Another day, another fleet of self-driving vehicles hit the road. Daimler, the Stuttgart, Germany-based automaker behind Mercedes-Benz, announced that it’s begun testing autonomous trucks on Virginia highways in partnership with Torc Robotics, the startup in which it recently agreed to acquire a majority stake.
The trucks in question — Freightliner Cascadias retrofitted with arrays of lidar sensors, cameras, and radar and Torc’s self-driving software — will have trained drivers and engineers onboard as they pull trailers with added weight to simulate loads near Torc’s headquarters in Blacksburg. They’re described in the press release as level 4, or capable of operating with limited human oversight under select conditions as defined by the Society of Automotive Engineers.
Daimler separately notes that its wholly-owned commercial vehicle division, Daimler Trucks North America (DTMA), is designing a truck chassis tailored for automated driving, along with the infrastructure to support level 4 truck testing in the next decade. It’s currently implementing level 2 tech in its latest version (5.0) of its Detroit Assurance platform, which will include automatic lane centering and lane-departure protection features but require drivers to remain engaged at all times.
Daimler expects it’ll become broadly available in the first quarter of 2020.
It’s the latest of several moves DTMA’s made in pursuit of a self-driving future. At the Consumer Electronics Show in January, it announced it would invest $570 million to achieve level 4 within a decade. And in June, the DTMA established an Autonomous Technology Group to consolidate its automated driving activities across the globe, including Torc’s operations in Blacksburg.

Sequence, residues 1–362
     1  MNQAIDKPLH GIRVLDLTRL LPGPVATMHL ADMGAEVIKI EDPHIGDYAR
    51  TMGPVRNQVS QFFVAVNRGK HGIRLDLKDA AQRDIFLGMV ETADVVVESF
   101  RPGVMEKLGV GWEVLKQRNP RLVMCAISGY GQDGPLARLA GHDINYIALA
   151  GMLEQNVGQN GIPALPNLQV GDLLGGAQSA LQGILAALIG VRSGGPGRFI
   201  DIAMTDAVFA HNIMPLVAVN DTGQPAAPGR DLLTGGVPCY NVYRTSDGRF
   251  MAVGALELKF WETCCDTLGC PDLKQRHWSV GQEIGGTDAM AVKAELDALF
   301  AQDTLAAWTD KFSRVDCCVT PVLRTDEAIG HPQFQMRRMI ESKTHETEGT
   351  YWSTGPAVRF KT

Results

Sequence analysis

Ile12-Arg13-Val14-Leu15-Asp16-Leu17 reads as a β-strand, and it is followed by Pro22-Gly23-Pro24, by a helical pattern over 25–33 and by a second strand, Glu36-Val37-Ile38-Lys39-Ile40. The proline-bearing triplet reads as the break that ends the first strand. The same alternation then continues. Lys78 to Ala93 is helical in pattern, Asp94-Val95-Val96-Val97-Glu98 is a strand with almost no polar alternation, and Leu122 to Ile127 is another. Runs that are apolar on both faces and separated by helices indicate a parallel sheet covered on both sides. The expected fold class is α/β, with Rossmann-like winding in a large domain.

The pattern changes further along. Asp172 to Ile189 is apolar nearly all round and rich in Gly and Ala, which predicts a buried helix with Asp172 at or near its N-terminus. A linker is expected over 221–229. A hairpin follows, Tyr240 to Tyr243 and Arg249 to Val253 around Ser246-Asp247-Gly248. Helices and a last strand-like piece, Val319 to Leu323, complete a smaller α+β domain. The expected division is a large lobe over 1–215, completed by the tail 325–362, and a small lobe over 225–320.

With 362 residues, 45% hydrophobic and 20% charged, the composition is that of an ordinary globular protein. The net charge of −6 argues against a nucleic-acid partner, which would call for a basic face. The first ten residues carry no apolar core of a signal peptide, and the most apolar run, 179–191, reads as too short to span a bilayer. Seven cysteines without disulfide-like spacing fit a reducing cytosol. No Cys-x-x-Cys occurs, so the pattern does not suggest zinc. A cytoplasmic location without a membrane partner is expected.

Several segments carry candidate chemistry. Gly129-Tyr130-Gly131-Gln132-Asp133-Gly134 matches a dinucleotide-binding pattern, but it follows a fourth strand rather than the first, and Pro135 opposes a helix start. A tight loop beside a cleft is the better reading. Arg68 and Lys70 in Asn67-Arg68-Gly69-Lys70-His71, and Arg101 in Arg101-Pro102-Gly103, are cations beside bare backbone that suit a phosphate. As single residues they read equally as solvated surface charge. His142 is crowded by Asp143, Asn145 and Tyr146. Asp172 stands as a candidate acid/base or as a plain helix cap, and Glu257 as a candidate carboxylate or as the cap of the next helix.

“Bringing Level 4 trucks to the public roads is a major step toward our goal to deliver reliable and safe trucks for the benefits of our customers, our economies and society,” said head of Daimler’s global truck and bus division Martin Daum.
Torc, which was founded in 2005 by a group of engineers from Virginia Polytechnic Institute and State University, initially focused on automated technologies across industries such as military, agriculture, mining, and automotive. In 2017, however, the Blacksburg, Virginia-based company pivoted to self-driving car tech, shortly afterward forging a partnership with Transdev to build fully driverless shuttles.
Daimler has plenty in the way of competition, like Thor Trucks, Pronto.ai, TuSimple, and Aurora — the last of which attracted a $530 million investment in February at a valuation over $2 billion. There’s also Ike, a self-driving truck startup founded by former Apple, Google, and Uber Advanced Technologies Group engineers that’s raised $52 million, and venture-backed Swedish driverless car company Einride. Meanwhile, Paz Eshel and former Uber and Otto engineer Don Burnette recently secured $40 million for startup Kodiak Robotics. That’s not to mention Embark, which integrates its self-driving systems into Peterbilt semis and which launched a pilot with Amazon to haul cargo, and driverless truck solutions from incumbents like Volvo.
But there’s plenty of cash to go around. The autonomous vehicle industry is predicted to reach 6,700 units globally, totaling $54.23 billion this year, and it stands to save the logistics and shipping industry $70 billion annually while boosting productivity by 30%.